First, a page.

To verify the influence of silver on the photocatalytic degradation of dyes, Nb2O5 and Ag/Nb2O5 catalysts with 2 wt% silver were prepared. The methodology used to prepare the Nb2O5 was thermal treatment and for Ag/Nb2O5 it was wet impregnation.
Prior to use, the Nb2O5.nH2O was washed with deionized water with the objective to remove possible impurities from the manufacturing process. After that, the solution was vacuum-filtered by concomitant washings with cold water and finally with warm water (70ºC). The resultant material was dried at 150° C for approximately 24 hours. Then, the niobium pentoxide was ground with a mortar and pestle and calcined in an oven at 500° C for 5 hours.
To prepare the Ag/Nb2O5 catalysts, the Ag2SO4 precursor was calcined in the oven at 500° C for approximately 2 hours and then dissolved in deionized water under shaking. The resultant solution was added to the thermally treated niobium pentoxide and placed in a bath under shaking at 80° C for 24 hours. After that, the material obtained was dried at 150° C for 12 hours and calcined in the oven at 500° C for 5 hours.
For the catalytic tests, the following dyes were used: yellow neutracyl, dark blue neutracyl, blue dispersatyl, orange dispersatyl, black dispersatyl, black neutracyl.
Solutions of 10 ppm were prepared with the several dyes, and then the solutions were submitted to spectrophotometry scanning tests to measure their absorbance. The wavelengths found for yellow neutracyl, dark blue neutracyl, blue dispersatyl, orange dispersatyl, black dispersatyl and black neutracyl were 410 nm, 568 nm, 560 nm, 430 nm, 535 nm and 565 nm, respectively.
Then, a calibration curve was constructed for each dye to be analyzed by varying its concentration from 10 ppm to 0 ppm in 1 ppm steps through the addition of deionized water, followed by readings in the spectrophotometer. After construction of the calibration curve, the catalytic tests were initiated.
The dye degradation tests were carried out in a photocatalytic reaction unit (see Figure 2), where air was fed in by a hose. While conducting the tests, the unit was isolated to prevent contact of the reaction mixture with light from the environment as well as the leakage of ultraviolet light, which is harmful to health.
The photocatalytic tests were carried out with Nb2O5 and Ag/Nb2O5 catalysts in the presence of UV light bulb. The reaction mixture was 200mL of 10ppm dye solution containing 1g of catalyst in suspension.
The dye solution was introduced into the reaction unit, after which the catalyst was added and then the system was isolated and turned on. The tests were carried out during a period of 24 hours. After that a sample of the resultant solution was analyzed in the spectrophotometer to verify the discoloration of the dyes.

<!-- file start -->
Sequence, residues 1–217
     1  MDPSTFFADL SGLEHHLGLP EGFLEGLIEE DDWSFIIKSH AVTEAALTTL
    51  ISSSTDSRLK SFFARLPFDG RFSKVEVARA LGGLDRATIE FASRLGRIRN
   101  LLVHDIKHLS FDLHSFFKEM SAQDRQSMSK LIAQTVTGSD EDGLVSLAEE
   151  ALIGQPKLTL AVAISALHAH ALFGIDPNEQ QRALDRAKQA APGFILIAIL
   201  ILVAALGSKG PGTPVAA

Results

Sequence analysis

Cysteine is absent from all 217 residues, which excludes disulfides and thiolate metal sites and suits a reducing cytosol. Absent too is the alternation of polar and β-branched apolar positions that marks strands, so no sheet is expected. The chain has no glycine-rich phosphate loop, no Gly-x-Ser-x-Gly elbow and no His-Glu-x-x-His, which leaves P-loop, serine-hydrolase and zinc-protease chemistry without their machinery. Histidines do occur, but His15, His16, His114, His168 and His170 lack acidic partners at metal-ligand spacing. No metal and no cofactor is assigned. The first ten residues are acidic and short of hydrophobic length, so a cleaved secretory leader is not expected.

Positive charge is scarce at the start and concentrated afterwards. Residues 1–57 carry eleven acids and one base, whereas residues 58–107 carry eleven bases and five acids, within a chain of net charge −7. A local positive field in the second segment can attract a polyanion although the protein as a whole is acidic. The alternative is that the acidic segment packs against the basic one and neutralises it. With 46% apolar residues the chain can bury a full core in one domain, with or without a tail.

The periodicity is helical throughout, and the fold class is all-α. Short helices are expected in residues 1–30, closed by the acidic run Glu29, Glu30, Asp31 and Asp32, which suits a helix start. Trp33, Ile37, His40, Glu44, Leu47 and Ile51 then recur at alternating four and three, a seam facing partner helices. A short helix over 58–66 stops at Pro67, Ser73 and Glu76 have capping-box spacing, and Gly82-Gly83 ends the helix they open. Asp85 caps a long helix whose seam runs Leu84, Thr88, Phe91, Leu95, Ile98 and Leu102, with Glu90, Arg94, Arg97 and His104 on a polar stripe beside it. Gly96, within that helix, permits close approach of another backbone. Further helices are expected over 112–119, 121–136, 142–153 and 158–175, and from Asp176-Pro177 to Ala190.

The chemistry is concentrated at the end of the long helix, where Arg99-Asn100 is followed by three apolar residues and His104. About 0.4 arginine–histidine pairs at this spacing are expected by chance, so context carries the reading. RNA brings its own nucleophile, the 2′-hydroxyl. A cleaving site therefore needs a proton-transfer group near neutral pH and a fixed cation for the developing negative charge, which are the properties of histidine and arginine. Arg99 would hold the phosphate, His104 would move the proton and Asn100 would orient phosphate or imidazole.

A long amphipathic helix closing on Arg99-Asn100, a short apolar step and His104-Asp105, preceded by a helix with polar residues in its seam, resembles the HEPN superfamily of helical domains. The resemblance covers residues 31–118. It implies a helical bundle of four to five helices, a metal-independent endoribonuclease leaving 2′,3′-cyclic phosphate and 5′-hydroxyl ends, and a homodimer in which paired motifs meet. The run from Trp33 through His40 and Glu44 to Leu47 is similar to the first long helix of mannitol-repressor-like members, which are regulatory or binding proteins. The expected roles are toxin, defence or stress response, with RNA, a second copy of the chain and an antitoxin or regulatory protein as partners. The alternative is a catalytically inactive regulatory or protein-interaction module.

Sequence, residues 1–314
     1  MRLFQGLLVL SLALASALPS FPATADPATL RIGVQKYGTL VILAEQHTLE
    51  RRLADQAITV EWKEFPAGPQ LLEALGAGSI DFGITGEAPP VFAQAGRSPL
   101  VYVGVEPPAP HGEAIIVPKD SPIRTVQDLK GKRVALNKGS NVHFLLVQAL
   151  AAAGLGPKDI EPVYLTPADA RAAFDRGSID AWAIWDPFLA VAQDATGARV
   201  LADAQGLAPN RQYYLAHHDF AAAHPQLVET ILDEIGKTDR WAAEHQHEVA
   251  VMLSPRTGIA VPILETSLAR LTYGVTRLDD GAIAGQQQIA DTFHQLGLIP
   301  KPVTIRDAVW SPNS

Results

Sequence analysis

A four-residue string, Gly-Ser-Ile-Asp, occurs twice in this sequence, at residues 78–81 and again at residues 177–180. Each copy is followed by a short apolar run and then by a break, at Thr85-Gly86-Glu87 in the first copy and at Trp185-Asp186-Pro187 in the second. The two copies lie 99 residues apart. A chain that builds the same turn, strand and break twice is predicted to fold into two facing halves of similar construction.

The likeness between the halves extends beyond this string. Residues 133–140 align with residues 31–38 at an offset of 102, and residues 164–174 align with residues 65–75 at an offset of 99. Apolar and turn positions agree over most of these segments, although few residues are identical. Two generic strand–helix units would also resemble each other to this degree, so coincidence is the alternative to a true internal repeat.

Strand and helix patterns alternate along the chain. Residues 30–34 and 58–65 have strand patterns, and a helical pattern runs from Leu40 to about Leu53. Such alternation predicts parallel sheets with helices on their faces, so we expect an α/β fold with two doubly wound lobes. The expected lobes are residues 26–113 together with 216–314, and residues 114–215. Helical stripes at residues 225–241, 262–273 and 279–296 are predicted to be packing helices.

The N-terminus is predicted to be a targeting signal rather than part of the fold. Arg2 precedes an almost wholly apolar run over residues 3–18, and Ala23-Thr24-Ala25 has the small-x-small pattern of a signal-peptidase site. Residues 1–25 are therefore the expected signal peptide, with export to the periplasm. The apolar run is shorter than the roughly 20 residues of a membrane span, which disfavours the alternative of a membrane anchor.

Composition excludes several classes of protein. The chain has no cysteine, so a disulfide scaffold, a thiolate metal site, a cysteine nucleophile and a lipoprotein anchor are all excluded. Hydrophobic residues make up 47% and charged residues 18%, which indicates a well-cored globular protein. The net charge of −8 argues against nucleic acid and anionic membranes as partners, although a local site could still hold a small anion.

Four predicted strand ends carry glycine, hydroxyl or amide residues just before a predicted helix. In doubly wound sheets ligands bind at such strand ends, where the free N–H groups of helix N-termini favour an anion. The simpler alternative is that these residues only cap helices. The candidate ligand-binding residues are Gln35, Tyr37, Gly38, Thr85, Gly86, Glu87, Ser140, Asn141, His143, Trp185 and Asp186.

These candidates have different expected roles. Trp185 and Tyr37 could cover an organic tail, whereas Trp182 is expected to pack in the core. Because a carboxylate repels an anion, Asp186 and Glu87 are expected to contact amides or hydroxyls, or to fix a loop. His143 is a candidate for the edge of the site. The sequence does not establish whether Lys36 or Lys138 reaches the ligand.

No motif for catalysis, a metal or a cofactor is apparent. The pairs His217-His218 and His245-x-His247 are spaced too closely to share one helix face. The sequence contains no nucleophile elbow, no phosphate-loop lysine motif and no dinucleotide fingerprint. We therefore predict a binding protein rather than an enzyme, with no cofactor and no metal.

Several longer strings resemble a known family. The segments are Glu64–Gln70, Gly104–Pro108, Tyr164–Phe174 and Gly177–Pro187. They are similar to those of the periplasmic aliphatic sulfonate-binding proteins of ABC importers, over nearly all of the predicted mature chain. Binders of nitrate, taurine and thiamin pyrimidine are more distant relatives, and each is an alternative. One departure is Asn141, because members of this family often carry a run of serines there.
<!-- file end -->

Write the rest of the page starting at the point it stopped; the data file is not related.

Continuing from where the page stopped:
RESULTS AND DISCUSSION
BET Surface Area
Table 1 shows the BET surface areas of calcined Nb2O5 and Ag/Nb2O5. The silver-supported catalyst has a very low value for surface area (23 m2/g), similar to that obtained for niobium pentoxide (24 m2/g). These results are in agreement with those of other authors.
After the degradation tests it was possible to determine the residual concentration for each dye present in the solution through spectrophotometry with the aid of the calibration curve. The results are shown in Tables 2 and 3.
In Tables 2 and 3 one can see that the photocatalytic degradation of all dyes studied occurred regardless of the type of catalyst used. However, the addition of silver to the niobium pentoxide catalysts resulted in a sharp reduction in the residual concentration of the dye in the reaction solution after the photocatalytic discoloration test (Table 3).
The tests carried out with pure niobium oxide showed that the best degradation, 38.14% discoloration, was achieved with black dispersatyl, while the worst degradation, 9.89% discoloration, was obtained with black neutracyl. The presence of silver in the catalyst, Ag/Nb2O5, resulted in a better performance of the catalysts, showing over 90% degradation for all dyes. In this case, the best results, 99.45% degradation, were obtained with dark blue neutracyl, while the worst discoloration, 90% degradation, was obtained with black neutracyl. These results show that the addition of silver results in a better performance of the process, making more efficient the photocatalytic degradation of the dyes present in effluents from textile industries.
The photocatalytic degradation tests suggest the efficiency of the photocatalysis method, since the discoloration of all the dyes under study occurred independently of the type of catalyst used. The addition of silver to the niobium pentoxide catalyst, Ag/Nb2O5, resulted in a sharp reduction in the residual concentration of the dye in the reaction mixture after the photocatalytic discoloration tests for all the dyes studied.
Degradation of the dark blue neutracyl dye reached a maximum of 99.45%; the solution started with a concentration of 10ppm and reached a residual concentration of 0.055ppm. This value is below the concentration allowed for the effluents of textile industries, which varies between 1 and 5ppm. The worst discoloration obtained on the niobium-supported silver catalysts, Ag/Nb2O5, was 90% degradation for the black neutracyl dye, while the best degradation on the catalysts of pure niobium oxide was 38.14% discoloration for the black dispersatyl dye, evidence of the importance of the presence of silver in the catalysts. The results show the importance of the study of oxides and metallic solid catalysts, in contrast to the biological methods, in the catalytic photodegradation of dyes, as an alternative process for the treatment of effluents from textile industries.
The authors are grateful to the Universidade Estadual de Maringá/DEQ for its support and to PIBIC/CNPq/UEM for the scholarship awarded to Mirian K da Silva.
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*To whom correspondence should be addressed